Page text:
Basílica de Nuestra Señora de Aránzazu [Sanctuary of Our Lady of Arantzazu]
Religious/centre of worship
Religious/centre of worship
Francisco Javier Sáenz de Oíza, Luís Laorga
Jorge Oteiza, Eduardo Chillida (sculptors), Lucio Muñoz ,Carlos Pascual de Lara, Néstor Basterrechea, Javier de Eulate (painters)
Concrete by reinforcement
Concrete is a relatively brittle material that is strong in compression but less so in tension.
To increase its overall strength, steel rods, wires, mesh or cables may be embedded in concrete before it sets. This reinforcement, often known as rebar, resists tensile forces. By forming a strong bond, the two materials are able to resist a variety of applied forces, effectively acting as a single structural element .
In this case, the concrete can be made by mixing the components directly on site, or it may be transported from a production plant in concrete-mixer trucks.
This method has the disadvantage of leaving the concrete exposed to the elements while it is setting. Whereas, with other methods, the environmental conditions can be controlled during setting, providing greater control over the outcome, with cast-in-place concrete a series of tests and protocols are necessary to verify its final strength.
- textured walls
- wooden formwork finish
- stamped concrete
- exposed aggregate concrete, colored concrete, etc.
A series of arches are situated parallel to one another at a distance that allows for covering them with smaller secondary structures such as beams or plates. This type of structure also calls for support elements perpendicular to the arches to avoid the “domino” effect .
A shear wall resists loads parallel to the plane of the wall. Collectors, also known as drag members, transfer the diaphragm shear to shear walls and other vertical elements in the seismic force resisting system. Shear walls are typically light-framed or braced wooden walls with shear panels, reinforced concrete walls, reinforced masonry walls or steel plates.
State of Conservation
On a remote mountain in Guipuzkoa, surrounded by a spectacular natural landscape, stands the Franciscan sanctuary that has sheltered the image of the Virgin of Arantzazu for 500 years. The current basilica was designed by Francisco Javier Sainz de Oíza, who won the competition that was held after a fire destroyed the previous church; the new basilica was built on the foundations of the old.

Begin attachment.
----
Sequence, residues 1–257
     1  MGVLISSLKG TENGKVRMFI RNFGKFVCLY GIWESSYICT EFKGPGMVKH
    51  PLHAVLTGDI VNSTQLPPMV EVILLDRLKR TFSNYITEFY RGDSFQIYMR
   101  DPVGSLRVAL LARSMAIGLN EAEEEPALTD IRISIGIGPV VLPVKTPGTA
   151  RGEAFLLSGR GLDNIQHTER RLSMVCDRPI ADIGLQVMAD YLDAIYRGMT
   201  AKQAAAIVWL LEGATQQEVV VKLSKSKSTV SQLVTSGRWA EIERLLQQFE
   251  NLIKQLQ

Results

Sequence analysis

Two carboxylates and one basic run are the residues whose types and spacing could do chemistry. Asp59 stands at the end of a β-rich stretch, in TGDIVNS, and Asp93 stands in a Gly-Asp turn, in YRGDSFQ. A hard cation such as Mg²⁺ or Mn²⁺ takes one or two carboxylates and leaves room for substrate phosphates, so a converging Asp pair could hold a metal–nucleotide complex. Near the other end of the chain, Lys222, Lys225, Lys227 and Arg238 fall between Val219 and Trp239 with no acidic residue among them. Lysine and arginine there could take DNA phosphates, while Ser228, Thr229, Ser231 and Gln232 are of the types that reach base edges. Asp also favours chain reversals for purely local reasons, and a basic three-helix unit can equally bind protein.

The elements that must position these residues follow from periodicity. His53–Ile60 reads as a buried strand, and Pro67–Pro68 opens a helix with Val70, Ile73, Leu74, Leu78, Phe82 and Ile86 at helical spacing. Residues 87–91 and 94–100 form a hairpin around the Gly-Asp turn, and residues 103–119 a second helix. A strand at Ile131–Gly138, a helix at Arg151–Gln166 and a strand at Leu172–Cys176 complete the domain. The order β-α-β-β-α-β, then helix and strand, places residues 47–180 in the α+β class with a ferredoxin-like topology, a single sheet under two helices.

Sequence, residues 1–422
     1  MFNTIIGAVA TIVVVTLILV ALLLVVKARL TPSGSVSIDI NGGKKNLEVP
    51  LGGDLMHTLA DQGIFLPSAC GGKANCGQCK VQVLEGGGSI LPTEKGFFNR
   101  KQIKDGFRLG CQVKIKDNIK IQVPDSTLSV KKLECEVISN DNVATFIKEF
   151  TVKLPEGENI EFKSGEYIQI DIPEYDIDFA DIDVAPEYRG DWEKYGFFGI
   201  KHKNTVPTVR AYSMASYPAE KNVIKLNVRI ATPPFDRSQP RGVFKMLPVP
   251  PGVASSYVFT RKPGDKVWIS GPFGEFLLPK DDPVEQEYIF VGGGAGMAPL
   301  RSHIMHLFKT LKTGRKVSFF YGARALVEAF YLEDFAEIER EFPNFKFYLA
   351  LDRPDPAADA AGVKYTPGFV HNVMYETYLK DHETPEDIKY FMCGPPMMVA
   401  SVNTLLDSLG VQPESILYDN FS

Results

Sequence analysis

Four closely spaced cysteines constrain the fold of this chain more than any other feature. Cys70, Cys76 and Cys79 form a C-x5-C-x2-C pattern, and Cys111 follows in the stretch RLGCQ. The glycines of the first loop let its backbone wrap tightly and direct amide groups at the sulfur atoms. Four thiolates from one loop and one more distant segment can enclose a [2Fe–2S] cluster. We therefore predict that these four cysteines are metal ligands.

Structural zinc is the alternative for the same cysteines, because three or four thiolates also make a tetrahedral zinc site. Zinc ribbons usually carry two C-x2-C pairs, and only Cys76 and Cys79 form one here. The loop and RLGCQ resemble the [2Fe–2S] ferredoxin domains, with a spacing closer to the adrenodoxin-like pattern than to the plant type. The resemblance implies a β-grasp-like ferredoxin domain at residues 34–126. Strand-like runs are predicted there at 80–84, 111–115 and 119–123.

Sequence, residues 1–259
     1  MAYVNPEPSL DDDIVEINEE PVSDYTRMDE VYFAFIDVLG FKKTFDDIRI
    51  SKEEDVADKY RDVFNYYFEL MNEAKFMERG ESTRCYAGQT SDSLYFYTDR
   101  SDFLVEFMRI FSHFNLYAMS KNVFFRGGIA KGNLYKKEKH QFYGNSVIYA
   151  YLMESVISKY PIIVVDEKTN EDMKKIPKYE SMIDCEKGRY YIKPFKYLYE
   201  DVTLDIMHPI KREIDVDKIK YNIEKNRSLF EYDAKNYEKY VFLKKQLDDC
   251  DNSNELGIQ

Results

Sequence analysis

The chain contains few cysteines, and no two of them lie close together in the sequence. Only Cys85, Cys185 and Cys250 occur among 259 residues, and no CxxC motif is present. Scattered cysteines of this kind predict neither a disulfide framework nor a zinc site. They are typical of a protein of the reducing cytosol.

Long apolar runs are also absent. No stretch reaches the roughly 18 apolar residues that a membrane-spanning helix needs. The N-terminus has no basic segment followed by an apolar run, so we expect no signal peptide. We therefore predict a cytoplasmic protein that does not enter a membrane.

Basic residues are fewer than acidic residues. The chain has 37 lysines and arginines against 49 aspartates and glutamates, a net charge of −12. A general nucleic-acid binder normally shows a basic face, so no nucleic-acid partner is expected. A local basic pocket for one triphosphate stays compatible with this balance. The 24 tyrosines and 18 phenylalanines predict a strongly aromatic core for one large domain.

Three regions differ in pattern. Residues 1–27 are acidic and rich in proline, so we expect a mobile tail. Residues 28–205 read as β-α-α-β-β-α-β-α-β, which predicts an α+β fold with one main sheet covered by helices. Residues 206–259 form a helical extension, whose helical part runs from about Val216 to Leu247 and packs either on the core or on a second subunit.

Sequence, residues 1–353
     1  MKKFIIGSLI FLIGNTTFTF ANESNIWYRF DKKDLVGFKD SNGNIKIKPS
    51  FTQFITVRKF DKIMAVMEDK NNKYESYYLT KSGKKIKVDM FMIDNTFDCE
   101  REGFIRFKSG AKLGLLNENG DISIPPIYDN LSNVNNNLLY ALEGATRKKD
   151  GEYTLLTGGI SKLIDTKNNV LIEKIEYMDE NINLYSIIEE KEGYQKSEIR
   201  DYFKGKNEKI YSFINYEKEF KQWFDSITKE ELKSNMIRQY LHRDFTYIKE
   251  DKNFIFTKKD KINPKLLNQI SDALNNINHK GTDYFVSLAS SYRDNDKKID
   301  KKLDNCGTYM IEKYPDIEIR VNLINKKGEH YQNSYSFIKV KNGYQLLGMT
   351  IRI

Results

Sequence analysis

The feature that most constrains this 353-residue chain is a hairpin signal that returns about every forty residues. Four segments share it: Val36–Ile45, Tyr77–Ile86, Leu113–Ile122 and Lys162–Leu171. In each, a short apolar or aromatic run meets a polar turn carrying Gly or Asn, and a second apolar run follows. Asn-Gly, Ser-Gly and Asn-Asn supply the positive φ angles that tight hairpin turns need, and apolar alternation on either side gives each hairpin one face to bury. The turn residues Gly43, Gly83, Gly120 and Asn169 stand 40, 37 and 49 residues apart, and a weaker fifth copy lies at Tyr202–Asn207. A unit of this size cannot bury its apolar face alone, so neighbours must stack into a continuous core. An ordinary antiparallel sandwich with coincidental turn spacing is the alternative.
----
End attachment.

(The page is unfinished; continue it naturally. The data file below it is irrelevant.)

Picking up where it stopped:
Located on the edge of a cliff, surrounded by majestic mountains, the powerful appearance of the new temple also makes reference to geological elements: stone, concrete and wood are, in the words of the architect, “materials that make no concessions” for a building with an ancestral appearance “that welcomes the faithful like an inverted ship, where sound is reflected and the word is heard”. The descending stairway that provides access to the basilica, with its characteristic façade of roughly hewn granite points and decorated with sculptures of the apostles by Oteiza, emphasizes the tectonic aspect of the building. Inside, the vaulted wooden ceiling recalls the inverted keel of a ship, and the concrete bas-relief by Chillida that decorates the apse, bathed in a dramatic light from a low angle, refers to the mountainous cliffs that surround the sanctuary. A free-standing bell tower, also decorated with granite points, completes the ensemble.
A whole generation of artists, unknown in the 1950s, participated in one way or another in the reconstruction of the basilica. Despite the disapproval their work initially elicited from the conservative society of Guipuzkoa, the international prestige that many of those artists have garnered fully justifies their selection. Today the building is well-loved, and it is considered one of the groups of artwork that best reflects the Basque character.
Barrio Aránzazu, 7
Guipúzcoa 20567 Oñati
Fundación DOCOMOMO Ibérico